combined ZK% is only 42% (MA 12 + Axe Lethality 30), so she fails to kill the zombie in the Resolution Phase. The zombie will now have a chance to Grapple her in the Grapple Phase. Ary and the zombie make Opposed Strength checks. They each roll a d100 and add their Strength. She rolls a 22 and adds it to her strength of 30 for a total of 52. The zombie has a Strength of 10 and rolls a 32 for a total of 42. That was a close one...her roll beats the zombie's by 1 Degrees of Success and the zombie is shoved off and back into close range. If she had won by 2 or more of Degrees of Success she would have not only shoved the zombie off, but she would have `Knocked it Prone'. She can engage the zombie with her equipped Axe next turn if she desires to do so in her Intent Phase. Defensive Weapons:

Some weapons can be used `Defensively', and are easy to use at close quarters to increase a character's chance of fighting off attackers (pg. 211). If the character has quick access to Defensive weapons or has equipped weapons that can be used Defensively then a character may add whatever Strength bonus they allow to the Grapple check.

Example 13: Ary is in the same Grapple as in the previous example, but has a Knife (Lethality 5/-/-) in her belt, which she has quick access to, and which adds +10 to her Strength `Defensively' during a Grapple check (pg. 291). She still rolls a 22 and adds it to her strength of 30, but now gets to add +10 for a total of 62. The zombie has a Strength of 10 and rolls a 32 for a total of 42. Her roll now beats the zombie's by 2 Degrees of Success and the zombie is shoved off and knocked prone. As an added benefit of succeeding in the Grapple check, Ary now gets a free Melee attack with her Defensive weapon.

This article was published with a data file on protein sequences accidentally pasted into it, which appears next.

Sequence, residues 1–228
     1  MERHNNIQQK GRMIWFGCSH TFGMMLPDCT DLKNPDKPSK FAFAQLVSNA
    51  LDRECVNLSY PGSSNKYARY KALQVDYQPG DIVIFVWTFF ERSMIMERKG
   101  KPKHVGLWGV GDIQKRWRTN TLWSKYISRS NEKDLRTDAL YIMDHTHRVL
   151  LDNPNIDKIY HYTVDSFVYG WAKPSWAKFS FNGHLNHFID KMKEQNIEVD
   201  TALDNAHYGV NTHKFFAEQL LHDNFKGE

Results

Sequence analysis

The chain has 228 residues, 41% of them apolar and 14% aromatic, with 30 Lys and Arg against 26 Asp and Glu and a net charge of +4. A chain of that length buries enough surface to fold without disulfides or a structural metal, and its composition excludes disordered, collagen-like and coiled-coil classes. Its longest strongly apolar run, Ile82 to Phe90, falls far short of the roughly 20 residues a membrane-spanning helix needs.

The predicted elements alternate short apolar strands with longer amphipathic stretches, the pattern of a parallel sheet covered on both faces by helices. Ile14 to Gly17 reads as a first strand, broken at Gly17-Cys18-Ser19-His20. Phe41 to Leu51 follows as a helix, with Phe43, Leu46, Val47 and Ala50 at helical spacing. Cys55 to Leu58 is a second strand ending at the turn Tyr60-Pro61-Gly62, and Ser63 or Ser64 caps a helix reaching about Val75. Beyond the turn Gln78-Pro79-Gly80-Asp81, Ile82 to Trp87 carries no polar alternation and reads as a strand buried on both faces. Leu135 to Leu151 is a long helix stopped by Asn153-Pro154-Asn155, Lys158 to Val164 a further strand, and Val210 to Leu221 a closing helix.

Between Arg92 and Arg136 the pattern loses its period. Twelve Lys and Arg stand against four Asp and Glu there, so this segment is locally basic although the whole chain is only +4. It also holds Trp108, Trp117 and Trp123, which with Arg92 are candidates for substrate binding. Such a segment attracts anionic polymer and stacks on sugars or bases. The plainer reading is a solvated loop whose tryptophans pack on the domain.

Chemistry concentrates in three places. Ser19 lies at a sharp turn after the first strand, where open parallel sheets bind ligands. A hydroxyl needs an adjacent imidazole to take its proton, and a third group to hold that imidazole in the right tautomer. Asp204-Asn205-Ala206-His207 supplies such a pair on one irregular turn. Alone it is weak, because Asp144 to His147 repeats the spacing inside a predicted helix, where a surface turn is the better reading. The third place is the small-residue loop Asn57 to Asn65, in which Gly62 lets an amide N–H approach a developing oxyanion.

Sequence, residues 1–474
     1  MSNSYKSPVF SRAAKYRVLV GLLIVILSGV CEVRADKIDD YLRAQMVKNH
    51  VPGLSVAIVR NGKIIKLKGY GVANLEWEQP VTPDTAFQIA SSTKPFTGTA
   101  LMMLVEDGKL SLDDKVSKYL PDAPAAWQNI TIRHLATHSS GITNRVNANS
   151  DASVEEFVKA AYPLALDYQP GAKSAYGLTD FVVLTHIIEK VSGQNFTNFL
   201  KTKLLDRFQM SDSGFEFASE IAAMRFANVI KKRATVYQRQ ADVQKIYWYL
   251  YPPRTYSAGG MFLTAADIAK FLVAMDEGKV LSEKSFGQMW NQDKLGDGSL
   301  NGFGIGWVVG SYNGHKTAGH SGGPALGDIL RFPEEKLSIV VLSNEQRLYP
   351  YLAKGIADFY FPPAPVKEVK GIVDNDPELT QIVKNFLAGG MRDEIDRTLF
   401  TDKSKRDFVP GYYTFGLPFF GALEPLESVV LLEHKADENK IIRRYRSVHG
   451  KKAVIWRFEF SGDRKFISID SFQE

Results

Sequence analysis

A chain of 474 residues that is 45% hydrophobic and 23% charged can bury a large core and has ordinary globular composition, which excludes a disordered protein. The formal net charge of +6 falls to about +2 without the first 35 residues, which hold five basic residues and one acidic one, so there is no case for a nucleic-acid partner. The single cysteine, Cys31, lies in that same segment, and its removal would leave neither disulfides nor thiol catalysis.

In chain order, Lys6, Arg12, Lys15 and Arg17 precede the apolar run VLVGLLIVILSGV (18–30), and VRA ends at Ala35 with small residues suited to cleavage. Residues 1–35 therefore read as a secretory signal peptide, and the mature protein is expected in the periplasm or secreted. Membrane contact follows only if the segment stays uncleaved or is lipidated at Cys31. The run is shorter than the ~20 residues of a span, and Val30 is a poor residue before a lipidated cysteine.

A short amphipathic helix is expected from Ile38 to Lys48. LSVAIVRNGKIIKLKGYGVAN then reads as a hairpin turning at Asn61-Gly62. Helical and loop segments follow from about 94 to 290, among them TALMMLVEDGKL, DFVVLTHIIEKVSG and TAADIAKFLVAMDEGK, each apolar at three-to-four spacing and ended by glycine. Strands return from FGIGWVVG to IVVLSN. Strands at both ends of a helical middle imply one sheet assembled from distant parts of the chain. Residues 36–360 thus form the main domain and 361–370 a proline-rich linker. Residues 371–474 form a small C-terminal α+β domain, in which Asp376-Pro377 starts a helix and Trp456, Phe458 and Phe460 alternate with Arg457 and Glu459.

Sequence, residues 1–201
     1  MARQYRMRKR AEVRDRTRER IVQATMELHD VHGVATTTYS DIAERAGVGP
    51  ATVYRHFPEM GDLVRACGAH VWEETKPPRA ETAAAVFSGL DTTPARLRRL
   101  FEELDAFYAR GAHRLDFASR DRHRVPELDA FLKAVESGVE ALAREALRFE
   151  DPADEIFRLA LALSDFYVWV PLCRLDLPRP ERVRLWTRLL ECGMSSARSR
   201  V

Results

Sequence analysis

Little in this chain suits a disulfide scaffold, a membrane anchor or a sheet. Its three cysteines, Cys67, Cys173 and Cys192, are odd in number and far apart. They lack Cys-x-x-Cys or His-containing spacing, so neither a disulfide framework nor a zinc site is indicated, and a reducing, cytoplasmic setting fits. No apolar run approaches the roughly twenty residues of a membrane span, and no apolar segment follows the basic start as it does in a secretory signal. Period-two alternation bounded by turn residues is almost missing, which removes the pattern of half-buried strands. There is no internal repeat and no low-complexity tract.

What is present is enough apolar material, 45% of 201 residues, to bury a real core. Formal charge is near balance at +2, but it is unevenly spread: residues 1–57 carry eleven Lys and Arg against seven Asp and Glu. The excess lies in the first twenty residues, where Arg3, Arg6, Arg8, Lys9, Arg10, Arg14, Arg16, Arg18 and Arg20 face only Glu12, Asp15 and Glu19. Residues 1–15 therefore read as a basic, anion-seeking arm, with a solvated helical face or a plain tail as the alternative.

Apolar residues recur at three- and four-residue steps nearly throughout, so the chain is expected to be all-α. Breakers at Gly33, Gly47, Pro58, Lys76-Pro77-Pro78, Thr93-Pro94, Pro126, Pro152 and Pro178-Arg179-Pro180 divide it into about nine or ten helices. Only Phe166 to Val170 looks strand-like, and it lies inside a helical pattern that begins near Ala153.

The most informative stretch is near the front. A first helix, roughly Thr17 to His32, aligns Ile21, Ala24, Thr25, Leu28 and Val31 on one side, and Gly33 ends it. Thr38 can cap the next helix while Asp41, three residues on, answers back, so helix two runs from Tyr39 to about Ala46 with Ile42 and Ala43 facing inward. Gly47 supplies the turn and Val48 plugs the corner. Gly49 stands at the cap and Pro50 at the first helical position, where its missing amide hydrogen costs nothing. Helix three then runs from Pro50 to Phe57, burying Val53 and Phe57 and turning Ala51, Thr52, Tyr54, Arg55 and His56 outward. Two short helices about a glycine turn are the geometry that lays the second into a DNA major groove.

If a character wins a Grapple check while using a Defensive weapon, then instead of merely shoving the attacker back into close range, the player gets a single free melee attack using the defensive weapon immediately after the results of the Grapple check. The Strength bonus a Defensive weapon grants is used for the Grapple check, but the actual Lethality of the weapon is used for the free Melee attack. If the zombie is `Knocked Prone' by succeeding in the Grapple check with 2 or more Degrees of Success, a character can attempt a `Coup De Grace' Special Attack with their Defensive weapon (see `Special Attacks' below).

Free Attack ­ Normal Weapons:

Winning a Grapple check with 4 or more Degrees of Success will allow the character a free attack with their equipped weapon, as if they used a Defensive weapon equipped during the Grapple, even if the weapon is not `Defensive'.